A story about Lacydes, reported briefly by Diogenes Laertes, was repeated and elaborated on numerous times through history. Eusebius of Caesarea (c. 260 – c. 341), in Praeparatio Evangelica (Preparation for the Gospel, Tr. E.H. Gifford, 1903—Book 14 ) used it to explain Lacydes’ conversion from Skepticism to the old Academic school. Other writers held it up as a humorous illustration of the difficulties presented by the philosophy of the Skeptics. Lacydes kept his food and supplies in a storage box, and managed them himself. Whenever he took anything out, he put wax over the door and imprinted it with his seal, so that he would know if it had been disturbed. He would then drop the seal through a hole into the storage box, where it remained until the next time that he broke the seal and opened up the box. His servants discovered what he was doing, and began to open the storage box themselves, take what they wanted, then re-seal the box and drop the seal back inside where they had found it. Lacydes began to find food and drink missing from the storage box, but could not explain the disappearance, because the seal on the outside of the box appeared to be unbroken. Remembering that Arcesilaus had said that our senses and our reason comprehend nothing, he attributed the mysterious disappearance of food from his storage box to the unreliability of human knowledge. He told a friend about his theory, but the friend laughed at him and told him to watch over his box more carefully.

When Lacydes confronted his servants about their activities, they reminded him that he had recently said to his friends that, as a philosopher, he could have no opinion, and that since memory was just an opinion, he could have no memory either. Therefore he would not be able to remember what had been in the storage box before he sealed it. Lacydes began to carry his seal on his person instead of putting it into the box, but the servants continued to steal, sometimes leaving the seal unbroken, sometimes replacing it with a different seal. When he accused them, they would use Stoic arguments about incomprehensibility. If he attacked them with Stoic arguments, they would reply with Academic arguments. Finally he had to admit the impracticability of suspending judgment on all things, saying, “Of these things … we talk in our discussions one way, but we live in another.” (130: Praep. Ev. 14 7 13)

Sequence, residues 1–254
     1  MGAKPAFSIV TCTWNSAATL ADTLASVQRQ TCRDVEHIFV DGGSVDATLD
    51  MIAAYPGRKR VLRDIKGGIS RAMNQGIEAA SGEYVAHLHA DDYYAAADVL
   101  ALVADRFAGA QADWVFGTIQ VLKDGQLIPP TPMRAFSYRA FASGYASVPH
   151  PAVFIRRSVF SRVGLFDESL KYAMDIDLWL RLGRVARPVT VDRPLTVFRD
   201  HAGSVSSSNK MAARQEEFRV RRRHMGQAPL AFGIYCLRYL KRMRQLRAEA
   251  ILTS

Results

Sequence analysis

They say that he had a pleasant way of managing his house-keeping affairs. For when he had taken anything out of his store-chest, he would seal it up again, and throw in his seal through the hole, so that it should be impossible for anything of what he had laid up there to be stolen from him, or carried off. But his servants learning this contrivance of his, broke the seal, and carried off as much as they pleased, and then they put the ring back through the hole in the same manner as before; and though they did this repeatedly, they were never detected. (Diogenes Laertius, Life of Lacydes, Lives of Eminent Philosophers, X)

See Also

ISBN links support NWE through referral fees

  • This article incorporates text from the Encyclopædia Britannica Eleventh Edition, a publication now in the public domain.
  • Branham, Robert Bracht, and Marie-Odile Goulet-Cazé. 1996. The Cynics: the cynic movement in antiquity and its legacy. Hellenistic culture and society, 23. Berkeley: University of California Press. ISBN 0520204492
  • Diogenes Laertius, and Robert Drew Hicks. 1925. Lives of eminent philosophers. London: W. Heinemann.
  • Diogenes, and C.D. Yonge. 1853. Lives and opinions of eminent philosophers.
  • Eusebius, and G. A. Williamson. 1966. The history of the church from Christ to Constantine. New York: New York University Press.

External links

All links retrieved October 6, 2022.

General Philosophy Sources